Thank you. Where there is wood being cut there is saw dust, no doubt. I'm done with turning. You just can't control where the shavings and dust goes. Different cuts and angles and gouges different directions. It's just part of the game. Sanding finished turnings is different, very easy to control with a well placed vacuum. But are you suggesting that with cnc routing the dust flies too, even with a good dust boot? That's what I'm trying to learn before I buy and find out my eyes and lungs are affected similarly. Thanks again.

  9. #9
    Join Date
    Dec 2008
    Location
    WV
    Posts
    4,345
    With pretty much any shoe and a decent collector you should collect all the fines regardless. But as already stated with most any type of fixed dust shoe some large chips are bound to get loose. No different than your turning scenario. In my experience the fine dust is where the problem is. Be great to catch every single chip but likely not possible with most fixed shoe arrangements. Then of course you still have all the pre and post processing dust to contend with. As I said, there are pretty much no fine particles floating in the air when we are cutting and very little fines cleaning but we stay on top of cleaning.
    Sometimes I just want to look at pretty pictures,... Thats when I go to the Turners Forum

  10. #10
    If you are just carving and cutting 2d stuff a good show will collect most of the chips except at the very edge at times. It is going to be nothing like wood turning. Like was said before even though chips might escape, the fine dust is going to be sucked up by the dc even though you might have a few chips to vacuum up.

    The biggest thing would be the filter on the dc. Get a good one that the very fine particles won't escape and get back in the air. Regardless it will be nothing like what you have going on in your turning wood. You can probably find some videos on youtube to give you an idea. Most of the time my work piece comes out just as clean as when I started

  11. #11
    Join Date
    Mar 2014
    Location
    Iowa USA
    Posts
    3,655
    You can put the entire room under negative pressure with the proper sized exhaust fan. Of course then you need to bring in fresh air make up and dump it close by your main shop area. True it gets expensive to heat or cool that room and you can not have a gas fired appliance in that area as it will downdraft CO and kill you. But its done in commercial work without issues. You can seal off just your shop with gaskets on the doors. Yes you will still need a direct connect dust collector for your table saw and such. Gets slightly complicated and takes time to set up.
    Retired Guy- Central Iowa. , LightObject 40w CO2 Laser and Chiller , WorkBee 1000x750 CNC Router - Mach4 - Windows 10

  12. #12
    Join Date
    Jan 2007
    Location
    Ottawa, ON Canada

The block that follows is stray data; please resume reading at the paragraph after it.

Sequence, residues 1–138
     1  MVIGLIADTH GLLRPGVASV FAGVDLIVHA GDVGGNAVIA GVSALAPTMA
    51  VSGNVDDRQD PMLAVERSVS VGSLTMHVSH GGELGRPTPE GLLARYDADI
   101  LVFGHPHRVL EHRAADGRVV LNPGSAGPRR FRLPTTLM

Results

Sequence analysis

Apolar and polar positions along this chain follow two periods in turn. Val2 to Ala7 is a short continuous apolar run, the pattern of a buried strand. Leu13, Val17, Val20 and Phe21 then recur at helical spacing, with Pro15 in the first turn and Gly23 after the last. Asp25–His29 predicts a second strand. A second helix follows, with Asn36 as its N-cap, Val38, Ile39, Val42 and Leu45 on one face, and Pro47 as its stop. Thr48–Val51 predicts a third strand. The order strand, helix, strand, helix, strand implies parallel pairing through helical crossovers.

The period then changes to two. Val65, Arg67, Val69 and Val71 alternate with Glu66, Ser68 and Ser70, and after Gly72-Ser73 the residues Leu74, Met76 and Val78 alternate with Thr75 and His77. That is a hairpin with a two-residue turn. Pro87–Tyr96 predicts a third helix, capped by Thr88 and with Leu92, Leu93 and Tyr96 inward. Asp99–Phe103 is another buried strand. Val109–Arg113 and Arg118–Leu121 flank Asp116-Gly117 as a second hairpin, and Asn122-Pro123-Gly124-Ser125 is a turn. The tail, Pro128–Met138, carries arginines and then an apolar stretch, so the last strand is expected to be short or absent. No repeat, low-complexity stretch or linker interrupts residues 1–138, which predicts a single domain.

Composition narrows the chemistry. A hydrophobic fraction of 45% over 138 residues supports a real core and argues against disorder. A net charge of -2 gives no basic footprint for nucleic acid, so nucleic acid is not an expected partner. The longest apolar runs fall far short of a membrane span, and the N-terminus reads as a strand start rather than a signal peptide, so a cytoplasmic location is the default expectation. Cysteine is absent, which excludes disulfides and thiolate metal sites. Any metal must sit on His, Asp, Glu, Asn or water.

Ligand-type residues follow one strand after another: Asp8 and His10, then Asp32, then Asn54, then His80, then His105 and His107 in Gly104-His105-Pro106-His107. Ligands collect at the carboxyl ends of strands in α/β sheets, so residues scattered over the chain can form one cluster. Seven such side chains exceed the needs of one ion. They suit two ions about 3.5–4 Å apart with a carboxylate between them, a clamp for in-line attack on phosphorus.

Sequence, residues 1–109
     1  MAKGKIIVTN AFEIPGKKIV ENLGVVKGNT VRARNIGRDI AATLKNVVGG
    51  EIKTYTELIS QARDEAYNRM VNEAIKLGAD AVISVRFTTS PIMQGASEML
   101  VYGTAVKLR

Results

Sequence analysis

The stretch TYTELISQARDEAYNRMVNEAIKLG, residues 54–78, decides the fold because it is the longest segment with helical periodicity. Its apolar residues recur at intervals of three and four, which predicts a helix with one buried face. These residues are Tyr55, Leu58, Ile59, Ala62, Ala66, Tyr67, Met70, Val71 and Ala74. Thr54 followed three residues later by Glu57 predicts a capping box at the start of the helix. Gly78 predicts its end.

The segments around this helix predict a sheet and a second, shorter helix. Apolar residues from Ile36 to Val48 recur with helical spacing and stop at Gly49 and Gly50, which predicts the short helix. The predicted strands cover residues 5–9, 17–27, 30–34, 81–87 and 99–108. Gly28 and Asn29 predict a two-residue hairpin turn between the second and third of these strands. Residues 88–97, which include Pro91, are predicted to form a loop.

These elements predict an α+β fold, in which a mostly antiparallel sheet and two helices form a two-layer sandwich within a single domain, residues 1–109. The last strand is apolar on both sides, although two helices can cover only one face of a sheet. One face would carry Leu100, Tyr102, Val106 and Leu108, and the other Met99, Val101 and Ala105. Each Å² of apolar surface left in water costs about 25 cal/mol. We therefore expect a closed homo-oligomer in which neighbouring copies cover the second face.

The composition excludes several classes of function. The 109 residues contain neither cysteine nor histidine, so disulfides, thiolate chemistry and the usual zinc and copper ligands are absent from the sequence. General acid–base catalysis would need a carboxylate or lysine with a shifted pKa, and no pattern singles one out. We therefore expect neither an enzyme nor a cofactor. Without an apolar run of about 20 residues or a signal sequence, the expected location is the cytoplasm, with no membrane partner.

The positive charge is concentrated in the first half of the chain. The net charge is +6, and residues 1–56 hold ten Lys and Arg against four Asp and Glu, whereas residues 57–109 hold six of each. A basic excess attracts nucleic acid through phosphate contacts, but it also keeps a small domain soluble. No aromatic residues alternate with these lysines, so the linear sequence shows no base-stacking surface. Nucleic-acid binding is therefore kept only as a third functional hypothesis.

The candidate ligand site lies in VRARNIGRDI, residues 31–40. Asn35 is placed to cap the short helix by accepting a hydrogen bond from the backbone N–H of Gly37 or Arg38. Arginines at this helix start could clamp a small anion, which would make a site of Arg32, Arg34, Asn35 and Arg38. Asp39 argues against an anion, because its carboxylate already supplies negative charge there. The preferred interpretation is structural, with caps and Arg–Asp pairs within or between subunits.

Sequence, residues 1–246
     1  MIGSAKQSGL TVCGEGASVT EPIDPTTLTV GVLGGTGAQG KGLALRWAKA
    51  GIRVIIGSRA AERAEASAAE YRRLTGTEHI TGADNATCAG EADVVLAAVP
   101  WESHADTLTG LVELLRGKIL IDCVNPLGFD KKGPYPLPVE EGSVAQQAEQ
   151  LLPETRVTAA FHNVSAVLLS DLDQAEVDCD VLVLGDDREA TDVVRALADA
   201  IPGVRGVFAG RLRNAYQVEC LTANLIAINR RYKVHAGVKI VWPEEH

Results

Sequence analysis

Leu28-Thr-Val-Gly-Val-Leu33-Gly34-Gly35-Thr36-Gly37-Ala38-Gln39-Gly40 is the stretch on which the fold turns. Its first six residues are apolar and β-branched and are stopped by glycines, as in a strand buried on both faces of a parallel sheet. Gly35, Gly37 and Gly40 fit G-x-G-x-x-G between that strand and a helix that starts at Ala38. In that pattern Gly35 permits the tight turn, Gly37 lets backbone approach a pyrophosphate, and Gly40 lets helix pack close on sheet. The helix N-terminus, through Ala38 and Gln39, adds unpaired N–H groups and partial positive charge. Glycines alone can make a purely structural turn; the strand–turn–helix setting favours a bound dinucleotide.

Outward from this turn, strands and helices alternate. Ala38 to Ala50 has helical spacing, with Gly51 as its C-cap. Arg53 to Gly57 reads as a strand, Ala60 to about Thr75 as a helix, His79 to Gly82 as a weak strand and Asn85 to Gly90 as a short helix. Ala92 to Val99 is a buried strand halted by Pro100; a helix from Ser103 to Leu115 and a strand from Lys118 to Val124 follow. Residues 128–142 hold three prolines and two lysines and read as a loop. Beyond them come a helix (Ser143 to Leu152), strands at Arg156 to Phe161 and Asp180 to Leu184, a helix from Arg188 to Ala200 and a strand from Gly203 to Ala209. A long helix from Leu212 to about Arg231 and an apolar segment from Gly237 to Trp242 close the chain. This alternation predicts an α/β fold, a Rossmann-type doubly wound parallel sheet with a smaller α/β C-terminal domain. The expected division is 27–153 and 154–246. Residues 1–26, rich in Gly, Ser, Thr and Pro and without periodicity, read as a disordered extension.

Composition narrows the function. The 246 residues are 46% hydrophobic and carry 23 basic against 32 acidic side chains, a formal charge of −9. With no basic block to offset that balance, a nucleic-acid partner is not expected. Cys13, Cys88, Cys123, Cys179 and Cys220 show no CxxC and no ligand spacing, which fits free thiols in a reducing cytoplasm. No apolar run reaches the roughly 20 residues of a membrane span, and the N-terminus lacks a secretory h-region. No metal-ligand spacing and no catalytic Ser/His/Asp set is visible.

Posts
    1,366
    How large is the CNC you are contemplating? As others have said, even with a good dust shoe, there will be dust in the air. You can contain it by building an enclosure to surround your CNC table. Although there will still be dust, it will all be contained and much easier to vacuum up. The enclosure will cut down on noise, too.
    Grant
    Ottawa ON

  13. #13
    What kind of mask are you using? I use a 3m half mask under a face shield. I sometimes wear a hooded wind breaker under all this to keep things out of my hair. But I have never had the kind of breathing issues youíve had. I would say donít throw out the lathe for the cnc if your only issue is dust... that is a very solvable problem.

  14. #14
    Join Date
    Mar 2003
    Location
    SE PA - Central Bucks County
    Posts
    55,527
    What Prashun just said. I'll also add that you need to consider if there are specific species/materials that you are sensitive to and avoid them regardless of the tool involved. I can't do bubinga at all...as I learned the hard way while doing a magnificent turned and carved platter many years ago. In addition to almost immediate breathing concerns, it also affected my skin. I have not touched a piece of that since. A locksmith I used a number of years ago was a long time, serious carver that had to give it up...he first became sensitive to black walnut (which is common in this area) and that sensitivity grew to span many wood species. He has to wear gloves and a mask when drilling a door for a lockset...
    --

    The most expensive tool is the one you buy "cheaply" and often...

  15. #15
    Quote Originally Posted by Grant Wilkinson View Post
    How large is the CNC you are contemplating? As others have said, even with a good dust shoe, there will be dust in the air. You can contain it by building an enclosure to surround your CNC table. Although there will still be dust, it will all be contained and much easier to vacuum up. The enclosure will cut down on noise, too.
    Thank you. I'm anywhere from a Stinger 2, 3x4 SS 23. To big for my area to build an enclosure

Posting Permissions

  • You may not post new threads
  • You may not post replies
  • You may not post attachments
  • You may not edit your posts
  •